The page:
Amphibious Assault Ship USS America Arrives In Japan

December 6, 2019 4:11 PM
Sailors man the rails as the amphibious assault ship USS America (LHA 6) arrives at Sasebo, Japan to join the forward deployed naval forces. America is assigned to Amphibious Squadron Eleven and will serve as the flagship for Expeditionary Strike Group 7 while conducting routine operations in the Western Pacific. Navy photo.

USS America (LHA-6) arrived at its new homeport of Sasebo, Japan, on Thursday, a move that puts the big-deck amphibious assault ship designed to accommodate the F-35B Lightning II Joint Strike Fighters in the Western Pacific.

America is now part of the U.S. 7th Fleet forward-deployed amphibious force, replacing big-deck amphib USS Wasp (LHD-1), which completed a move to Naval Station Norfolk last month.

America’s sailors and Marines are ready to join the high-performing team of 7th Fleet with our allies and partners to fulfill the enduring mission of our forward-deployed Naval Forces,” Capt. Luke Frost, America’s commanding officer, said in a statement. “We’re looking forward to integrating America’s flexible and adaptable fifth-generation capabilities into theater to maintain peace and stability and contribute to the prosperity and security of the Indo-Pacific.”

America is one of two big-deck amphibious warships built without a well deck to focus on aviation operations. America and the future Tripoli (LHA-7), when compared to Wasp-class amphibious assault ships, have enlarged hangars, expanded aviation maintenance facilities, increased spare parts and equipment storage and increased aviation fuel storage, according to the Navy.

Thirteen U.S. Marine Corps F-35B Lightning II with Marine Fighter Attack Squadron (VMFA) 122, Marine Aircraft Group 13, 3rd Marine Aircraft Wing (MAW), are staged aboard amphibious assault ship USS America (LHA 6) on Oct. 8, 2019. America is at sea conducting routine operations in the eastern Pacific. US Navy photo.

Tripoli had its commissioning delayed by shipbuilder Huntington Ingalls Industries. The company is testing some of the ship’s systems to ensure they will last as intended for the life of the ship. Tripoli is now expected to join the fleet in May 2020 and will likely be homeported in San Diego, according to a Navy Personnel Command notice seeking crewmembers for the ship.

Moving aviation-centric America to Japan expands on Marine capabilities moving to the Western Pacific. America, as part of Expeditionary Strike Group 7, is expected to regularly integrate its operations with the 31st Marine Expeditionary Unit (MEU).

“Our entire team is thrilled to welcome the crew and families of USS America, a ship that is exceptionally well suited to support the full spectrum of military operations conducted by our forward-deployed force,” Rear Adm. Fred Kacher, the commander of Expeditionary Strike Group 7, said in a statement. “I could not think of a more fitting ship or namesake to play such a central role supporting the United States’ commitment to the security, stability and prosperity of this vital region as we work together with our allies and partners to safeguard a free and open Indo-Pacific.”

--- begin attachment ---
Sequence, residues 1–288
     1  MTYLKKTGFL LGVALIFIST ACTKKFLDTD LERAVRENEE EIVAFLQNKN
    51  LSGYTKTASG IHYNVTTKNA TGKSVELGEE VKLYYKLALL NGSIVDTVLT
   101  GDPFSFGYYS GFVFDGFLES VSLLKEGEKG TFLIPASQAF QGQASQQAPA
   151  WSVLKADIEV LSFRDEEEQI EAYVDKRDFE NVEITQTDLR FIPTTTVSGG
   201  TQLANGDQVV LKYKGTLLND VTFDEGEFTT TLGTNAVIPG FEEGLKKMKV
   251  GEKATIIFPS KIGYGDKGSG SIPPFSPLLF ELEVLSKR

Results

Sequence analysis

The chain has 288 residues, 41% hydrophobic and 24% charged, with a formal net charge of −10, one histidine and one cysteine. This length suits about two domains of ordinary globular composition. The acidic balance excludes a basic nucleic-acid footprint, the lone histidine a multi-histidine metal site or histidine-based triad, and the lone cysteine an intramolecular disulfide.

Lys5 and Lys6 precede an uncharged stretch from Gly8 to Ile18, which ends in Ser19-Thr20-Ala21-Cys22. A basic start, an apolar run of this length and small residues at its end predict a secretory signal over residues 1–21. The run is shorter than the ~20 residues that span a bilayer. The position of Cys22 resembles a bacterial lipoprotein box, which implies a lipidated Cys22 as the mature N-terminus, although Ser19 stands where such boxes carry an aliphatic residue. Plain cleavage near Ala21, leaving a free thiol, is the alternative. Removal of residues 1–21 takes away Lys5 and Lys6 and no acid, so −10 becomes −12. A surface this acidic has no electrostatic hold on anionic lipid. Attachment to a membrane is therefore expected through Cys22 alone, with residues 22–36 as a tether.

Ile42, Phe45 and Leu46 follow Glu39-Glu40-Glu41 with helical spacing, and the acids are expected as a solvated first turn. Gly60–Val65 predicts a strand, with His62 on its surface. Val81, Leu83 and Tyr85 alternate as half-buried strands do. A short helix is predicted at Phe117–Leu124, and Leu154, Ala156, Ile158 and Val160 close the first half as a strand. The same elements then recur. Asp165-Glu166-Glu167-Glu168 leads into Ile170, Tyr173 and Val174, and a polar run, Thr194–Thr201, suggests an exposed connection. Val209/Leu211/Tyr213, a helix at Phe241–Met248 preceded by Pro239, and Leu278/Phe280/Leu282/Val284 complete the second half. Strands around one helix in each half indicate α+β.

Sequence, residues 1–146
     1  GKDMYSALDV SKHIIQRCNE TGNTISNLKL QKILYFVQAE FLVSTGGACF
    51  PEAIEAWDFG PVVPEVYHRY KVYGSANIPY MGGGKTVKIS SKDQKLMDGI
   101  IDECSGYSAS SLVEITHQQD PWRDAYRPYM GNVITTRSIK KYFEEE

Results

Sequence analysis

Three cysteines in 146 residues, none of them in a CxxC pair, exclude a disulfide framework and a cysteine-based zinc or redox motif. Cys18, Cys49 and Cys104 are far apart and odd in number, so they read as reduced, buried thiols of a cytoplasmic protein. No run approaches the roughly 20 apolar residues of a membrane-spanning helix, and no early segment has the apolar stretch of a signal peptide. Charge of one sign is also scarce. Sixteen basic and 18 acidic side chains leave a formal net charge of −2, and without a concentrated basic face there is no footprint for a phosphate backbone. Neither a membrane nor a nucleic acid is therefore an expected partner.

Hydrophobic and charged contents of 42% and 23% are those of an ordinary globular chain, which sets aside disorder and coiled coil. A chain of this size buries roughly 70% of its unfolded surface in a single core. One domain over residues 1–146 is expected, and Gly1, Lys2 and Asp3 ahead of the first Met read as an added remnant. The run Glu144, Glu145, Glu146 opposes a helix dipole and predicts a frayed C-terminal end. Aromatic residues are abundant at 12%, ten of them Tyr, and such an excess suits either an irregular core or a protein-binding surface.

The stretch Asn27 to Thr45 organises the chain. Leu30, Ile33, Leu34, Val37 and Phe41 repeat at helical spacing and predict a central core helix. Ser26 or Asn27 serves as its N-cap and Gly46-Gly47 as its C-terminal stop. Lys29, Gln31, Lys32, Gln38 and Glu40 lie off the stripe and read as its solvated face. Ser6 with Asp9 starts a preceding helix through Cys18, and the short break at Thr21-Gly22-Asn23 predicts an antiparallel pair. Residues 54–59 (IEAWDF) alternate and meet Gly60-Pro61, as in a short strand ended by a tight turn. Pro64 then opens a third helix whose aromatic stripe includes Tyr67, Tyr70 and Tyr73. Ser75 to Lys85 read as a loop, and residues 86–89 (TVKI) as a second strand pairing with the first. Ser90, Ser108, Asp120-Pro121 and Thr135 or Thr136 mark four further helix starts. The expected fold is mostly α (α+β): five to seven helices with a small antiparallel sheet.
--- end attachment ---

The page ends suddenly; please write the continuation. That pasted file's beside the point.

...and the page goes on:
Joining America in moving to Sasebo is San Antonio-class amphibious transport dock ship USS New Orleans (LPD-18), the second transport dock ship assigned to the forward-deployed amphibious fleet. Having a second LPD provides the Navy more flexibility to conduct maintenance on other forward-deployed amphibious warships and still generate three-ship amphibious ready groups. Currently, USS Green Bay (LPD-20), USS Ashland (LSD-48) and USS Germantown (LSD-42) are stationed in Japan.

San Antonio-class amphibious transport dock ship USS New Orleans (LPD-18) is moored pierside at Commander, Fleet Activities Sasebo after completing her transit from San Diego. Navy photo

“We welcome the USS New Orleans crew and families who will be an incredible addition to our forward-deployed team in the Seventh Fleet theater,” Kacher said in a statement. “The increase in capacity to our amphibious forces this great ship represents will allow us to operate more regularly with our allies and partners in this vital region and support even stronger naval integration with our number one warfighting partner, the United States Marine Corps.”

Ben Werner

Ben Werner

Ben Werner is a staff writer for USNI News. He has worked as a freelance writer in Busan, South Korea, and as a staff writer covering education and publicly traded companies for The Virginian-Pilot in Norfolk, Va., The State newspaper in Columbia, S.C., Savannah Morning News in Savannah, Ga., and Baltimore Business Journal. He earned a bachelor’s degree from the University of Maryland and a master’s degree from New York University.

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